Hot Apollo

Toronto's Shiniest Rock-and-Roll Band

Spaghetti Style




Alright. What is going on here? I don’t know. That’s why I’m asking you, abstract personification of a theoretical reader. “Spaghetti Style”? That’s my focus. The rest of the label doesn’t exactly fit any familiar norms of elegance, but that’s Tinkyada’s prerogative.


There’s room for some linguistic chicanery in the food industry. That’s no lie. I’m accustomed to that. I understand it generally. Honesty isn’t exactly a priority, but there’s a velleity to avoid actual fraud. People don’t necessarily have to know what they’re getting, but that knowledge must be an option. That’s why you get phrases like “cheese product” on the packages of food items that can be used in situations that would ordinarily call for cheese. And let’s be clear. There are times when you want cheese, and there are times when you want cheese products. I recall times in my childhood when circumstances would delay dinner to the point where a snack seemed appropriate. I remember one of those instances from a warm summer night on which I walked to the refrigerator as my mother reminded me that supper was not exactly imminent. To this, I gave an answer of easy acceptance, happily grabbing a trio of Kraft Singles from their slick blue package.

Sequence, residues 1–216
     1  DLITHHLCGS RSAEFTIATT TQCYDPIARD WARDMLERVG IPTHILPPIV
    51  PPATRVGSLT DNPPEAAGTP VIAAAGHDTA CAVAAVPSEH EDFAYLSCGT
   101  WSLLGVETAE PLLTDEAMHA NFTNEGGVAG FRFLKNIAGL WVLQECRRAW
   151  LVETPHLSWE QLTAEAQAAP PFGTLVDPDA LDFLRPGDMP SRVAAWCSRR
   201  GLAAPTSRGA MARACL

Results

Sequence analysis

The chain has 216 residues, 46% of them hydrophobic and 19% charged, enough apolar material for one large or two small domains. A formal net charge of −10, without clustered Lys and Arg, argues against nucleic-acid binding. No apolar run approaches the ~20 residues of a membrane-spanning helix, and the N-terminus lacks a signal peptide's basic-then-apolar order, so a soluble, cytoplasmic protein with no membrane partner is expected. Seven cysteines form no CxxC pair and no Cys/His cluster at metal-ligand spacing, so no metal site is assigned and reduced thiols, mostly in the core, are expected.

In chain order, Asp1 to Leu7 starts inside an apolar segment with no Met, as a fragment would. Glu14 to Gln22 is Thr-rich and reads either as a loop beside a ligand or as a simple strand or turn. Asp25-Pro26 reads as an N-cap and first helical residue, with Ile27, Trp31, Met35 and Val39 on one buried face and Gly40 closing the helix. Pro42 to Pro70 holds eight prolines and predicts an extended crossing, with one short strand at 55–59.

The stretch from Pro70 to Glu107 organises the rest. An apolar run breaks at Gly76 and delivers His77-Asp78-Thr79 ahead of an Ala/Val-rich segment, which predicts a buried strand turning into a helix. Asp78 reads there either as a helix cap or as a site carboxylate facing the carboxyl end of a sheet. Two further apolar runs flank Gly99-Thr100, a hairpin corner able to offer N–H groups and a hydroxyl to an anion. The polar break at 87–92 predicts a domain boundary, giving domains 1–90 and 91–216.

This was not a time for cheese. I had a craving on that night, and it was one that could only be satisfied by the consumption of raw Kraft Singles. That’s the sort of scenario that benefits from a clear delineation between cheese and cheese products. My gratitude to the food industry.

But that can’t be what’s going on here. What stops these long, thin strips of pasta from qualifying as spaghetti? I could understand if there were some quibble that prevented them from calling themselves pasta, but there isn’t. That claim is made quite clearly on the label. Has the circuitous idiolect of the food industry become pervasive to the point where companies just slip into it even in situations where it isn’t actually required? I would think that additional complexity is the last thing dinner needs. I suppose that that’s just another reason for me to avoid cooking.


Copyright © 2011, Jaymes Buckman and David Aaron Cohen. All rights reserved. In a good way.